“In 1980, when I was four years old” writes Reyna Grande, who grew up in poverty in Mexico, “I didn’t know yet where the United States was or why everyone in my hometown of Iguala, Guerrero, referred to it as El Otro Lado, the Other Side. What I knew back then was that El Otro Lado had already taken my father away. What I knew was that prayers didn’t work, because if they did, El Otro Lado wouldn’t be taking my mother away, too.”
Grande’s account of her formative years, and the turning point in her life that created an award-winning novelist, is told in “The Distance Between Us” ($16 in paperback from Simon and Schuster; also for Amazon Kindle).
Chosen as the 2014-2015 Book in Common by Butte College, Chico State University, and other local groups, the story is not just about geographical distance but about the emotional divide that threatens a family with disintegration. Though Reyna and her two older siblings, Carlos and Mago, find strength in each other, it is severely tested by an alcoholic and abusive Papi and a Mami who abandons her family.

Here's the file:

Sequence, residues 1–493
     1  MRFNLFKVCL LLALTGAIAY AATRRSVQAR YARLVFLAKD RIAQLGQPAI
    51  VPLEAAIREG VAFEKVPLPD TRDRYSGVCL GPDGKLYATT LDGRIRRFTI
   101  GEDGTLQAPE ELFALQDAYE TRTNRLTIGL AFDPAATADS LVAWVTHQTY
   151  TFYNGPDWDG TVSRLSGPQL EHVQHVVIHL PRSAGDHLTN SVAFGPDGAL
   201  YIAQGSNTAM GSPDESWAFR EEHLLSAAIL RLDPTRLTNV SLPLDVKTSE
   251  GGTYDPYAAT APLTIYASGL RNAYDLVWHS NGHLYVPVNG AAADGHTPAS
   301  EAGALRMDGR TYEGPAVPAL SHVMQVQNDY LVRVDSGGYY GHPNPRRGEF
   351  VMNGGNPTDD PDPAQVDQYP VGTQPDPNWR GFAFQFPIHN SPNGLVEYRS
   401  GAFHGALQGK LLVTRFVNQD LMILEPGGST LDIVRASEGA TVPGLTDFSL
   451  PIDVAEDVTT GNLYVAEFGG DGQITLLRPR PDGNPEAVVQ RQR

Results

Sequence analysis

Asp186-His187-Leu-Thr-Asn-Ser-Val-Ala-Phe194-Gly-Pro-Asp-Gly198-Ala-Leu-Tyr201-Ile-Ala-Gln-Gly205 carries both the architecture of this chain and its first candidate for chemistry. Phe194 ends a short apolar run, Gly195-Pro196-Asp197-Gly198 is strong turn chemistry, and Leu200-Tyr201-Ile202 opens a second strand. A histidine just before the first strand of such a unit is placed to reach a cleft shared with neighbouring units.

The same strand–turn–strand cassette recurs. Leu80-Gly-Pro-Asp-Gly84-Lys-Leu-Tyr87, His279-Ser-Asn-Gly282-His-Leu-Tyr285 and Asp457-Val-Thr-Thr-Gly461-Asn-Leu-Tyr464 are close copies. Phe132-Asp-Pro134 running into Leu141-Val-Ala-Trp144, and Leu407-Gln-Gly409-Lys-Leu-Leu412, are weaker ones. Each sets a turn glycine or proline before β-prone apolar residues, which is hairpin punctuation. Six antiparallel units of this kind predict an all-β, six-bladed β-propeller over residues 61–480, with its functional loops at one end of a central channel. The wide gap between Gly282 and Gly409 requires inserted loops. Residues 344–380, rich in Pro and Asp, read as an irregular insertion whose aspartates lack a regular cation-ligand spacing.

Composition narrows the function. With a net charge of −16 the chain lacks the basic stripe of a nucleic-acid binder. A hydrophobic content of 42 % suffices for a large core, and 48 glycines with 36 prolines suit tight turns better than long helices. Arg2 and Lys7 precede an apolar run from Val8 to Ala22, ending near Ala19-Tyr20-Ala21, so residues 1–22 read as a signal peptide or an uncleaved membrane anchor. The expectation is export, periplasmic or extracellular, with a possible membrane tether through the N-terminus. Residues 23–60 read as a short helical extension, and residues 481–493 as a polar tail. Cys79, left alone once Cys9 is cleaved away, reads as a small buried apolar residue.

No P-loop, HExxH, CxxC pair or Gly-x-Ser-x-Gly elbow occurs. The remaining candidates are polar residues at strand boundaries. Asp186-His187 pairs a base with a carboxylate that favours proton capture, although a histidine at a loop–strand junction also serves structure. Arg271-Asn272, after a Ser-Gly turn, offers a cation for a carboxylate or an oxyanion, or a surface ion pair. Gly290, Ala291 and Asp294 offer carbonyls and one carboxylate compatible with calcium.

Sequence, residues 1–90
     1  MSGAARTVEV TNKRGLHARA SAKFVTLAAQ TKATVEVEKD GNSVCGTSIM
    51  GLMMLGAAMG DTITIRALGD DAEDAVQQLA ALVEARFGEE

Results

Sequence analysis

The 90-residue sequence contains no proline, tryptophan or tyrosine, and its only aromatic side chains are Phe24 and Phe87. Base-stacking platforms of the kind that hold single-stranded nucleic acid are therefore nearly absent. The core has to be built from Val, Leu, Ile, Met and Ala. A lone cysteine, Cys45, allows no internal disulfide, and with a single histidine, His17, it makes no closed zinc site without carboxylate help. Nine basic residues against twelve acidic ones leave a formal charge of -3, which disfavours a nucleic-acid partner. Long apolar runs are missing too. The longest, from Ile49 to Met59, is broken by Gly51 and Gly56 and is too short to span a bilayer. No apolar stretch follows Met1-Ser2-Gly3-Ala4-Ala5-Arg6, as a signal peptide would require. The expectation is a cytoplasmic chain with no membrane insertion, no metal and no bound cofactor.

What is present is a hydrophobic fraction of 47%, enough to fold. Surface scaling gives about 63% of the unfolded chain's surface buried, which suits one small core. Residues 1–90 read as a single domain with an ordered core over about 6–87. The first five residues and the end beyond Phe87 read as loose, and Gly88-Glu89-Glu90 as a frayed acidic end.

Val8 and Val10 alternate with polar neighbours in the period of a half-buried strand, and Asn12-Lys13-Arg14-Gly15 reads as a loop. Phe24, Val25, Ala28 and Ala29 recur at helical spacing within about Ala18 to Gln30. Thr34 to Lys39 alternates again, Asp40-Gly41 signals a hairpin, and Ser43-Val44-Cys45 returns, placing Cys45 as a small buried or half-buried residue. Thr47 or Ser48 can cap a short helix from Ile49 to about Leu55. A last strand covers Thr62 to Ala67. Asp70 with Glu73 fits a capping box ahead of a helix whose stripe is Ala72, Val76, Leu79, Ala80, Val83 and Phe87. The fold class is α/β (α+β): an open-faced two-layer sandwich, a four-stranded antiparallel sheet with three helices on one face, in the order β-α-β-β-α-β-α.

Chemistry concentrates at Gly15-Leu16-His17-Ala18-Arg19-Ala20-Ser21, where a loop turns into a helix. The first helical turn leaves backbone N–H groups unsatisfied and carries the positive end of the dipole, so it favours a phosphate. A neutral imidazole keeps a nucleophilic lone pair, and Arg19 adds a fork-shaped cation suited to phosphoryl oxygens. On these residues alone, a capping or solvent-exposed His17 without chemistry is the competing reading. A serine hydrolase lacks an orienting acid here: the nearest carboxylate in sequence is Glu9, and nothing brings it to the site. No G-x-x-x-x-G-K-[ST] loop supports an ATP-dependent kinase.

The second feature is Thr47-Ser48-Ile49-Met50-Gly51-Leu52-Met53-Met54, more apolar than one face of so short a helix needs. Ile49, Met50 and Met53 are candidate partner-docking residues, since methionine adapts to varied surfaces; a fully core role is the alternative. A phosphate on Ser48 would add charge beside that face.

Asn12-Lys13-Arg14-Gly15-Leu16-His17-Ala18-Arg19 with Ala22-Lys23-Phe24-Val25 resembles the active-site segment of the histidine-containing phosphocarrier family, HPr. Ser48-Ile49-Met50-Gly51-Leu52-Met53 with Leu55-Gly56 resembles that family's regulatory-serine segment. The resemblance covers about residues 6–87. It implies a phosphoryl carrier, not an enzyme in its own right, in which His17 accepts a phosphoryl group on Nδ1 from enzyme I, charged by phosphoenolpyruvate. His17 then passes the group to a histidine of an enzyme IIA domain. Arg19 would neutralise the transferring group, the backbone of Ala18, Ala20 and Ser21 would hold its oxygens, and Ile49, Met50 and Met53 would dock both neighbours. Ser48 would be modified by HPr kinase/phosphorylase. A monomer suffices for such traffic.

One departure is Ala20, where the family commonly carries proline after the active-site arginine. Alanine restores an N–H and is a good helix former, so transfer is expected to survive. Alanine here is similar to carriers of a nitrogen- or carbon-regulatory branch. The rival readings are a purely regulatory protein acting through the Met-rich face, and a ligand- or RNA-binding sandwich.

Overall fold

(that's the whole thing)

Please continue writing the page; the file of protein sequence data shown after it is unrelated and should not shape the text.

Even if one manages to get to the Other Side--paying smugglers for an uncertain future--Reyna comes to realize that one must never forget one’s heritage. One day in Iguala, “Mago and I sat on the dirt floor, and she told me about the day I was born exactly the way Mami used to tell it. ... Mago pointed to a spot on the dirt floor and reminded me that my umbilical cord was buried there. That way, Mami told the midwife, no matter where life takes her, she won’t ever forget where she came from.”
The second half of the book is about life in the United States (green cards arrived in 1990 after five years in El Otro Lado), and the life-changing encounter in an English class, at Pasadena City College, which opened her to writers who understood. “How did you know? How did you know this is how I felt?” Now, Grande has become one of them.